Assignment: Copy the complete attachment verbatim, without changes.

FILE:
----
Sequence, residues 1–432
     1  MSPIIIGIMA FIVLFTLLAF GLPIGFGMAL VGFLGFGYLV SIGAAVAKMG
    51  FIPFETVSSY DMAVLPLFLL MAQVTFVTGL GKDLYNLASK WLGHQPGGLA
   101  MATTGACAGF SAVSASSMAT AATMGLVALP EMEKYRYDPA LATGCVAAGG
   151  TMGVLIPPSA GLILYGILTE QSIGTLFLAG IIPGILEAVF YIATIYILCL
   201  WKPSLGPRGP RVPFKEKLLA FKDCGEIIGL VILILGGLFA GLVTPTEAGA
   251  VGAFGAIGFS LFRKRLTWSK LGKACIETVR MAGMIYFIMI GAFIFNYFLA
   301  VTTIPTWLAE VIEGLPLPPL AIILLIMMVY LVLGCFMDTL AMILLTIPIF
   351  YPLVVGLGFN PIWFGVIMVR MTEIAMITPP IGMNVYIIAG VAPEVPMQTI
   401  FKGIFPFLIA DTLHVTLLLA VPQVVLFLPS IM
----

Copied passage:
Sequence, residues 1–432
     1  MSPIIIGIMA FIVLFTLLAF GLPIGFGMAL VGFLGFGYLV SIGAAVAKMG
    51  FIPFETVSSY DMAVLPLFLL MAQVTFVTGL GKDLYNLASK WLGHQPGGLA
   101  MATTGACAGF SAVSASSMAT AATMGLVALP EMEKYRYDPA LATGCVAAGG
   151  TMGVLIPPSA GLILYGILTE QSIGTLFLAG IIPGILEAVF YIATIYILCL
   201  WKPSLGPRGP RVPFKEKLLA FKDCGEIIGL VILILGGLFA GLVTPTEAGA
   251  VGAFGAIGFS LFRKRLTWSK LGKACIETVR MAGMIYFIMI GAFIFNYFLA
   301  VTTIPTWLAE VIEGLPLPPL AIILLIMMVY LVLGCFMDTL AMILLTIPIF
   351  YPLVVGLGFN PIWFGVIMVR MTEIAMITPP IGMNVYIIAG VAPEVPMQTI
   401  FKGIFPFLIA DTLHVTLLLA VPQVVLFLPS IM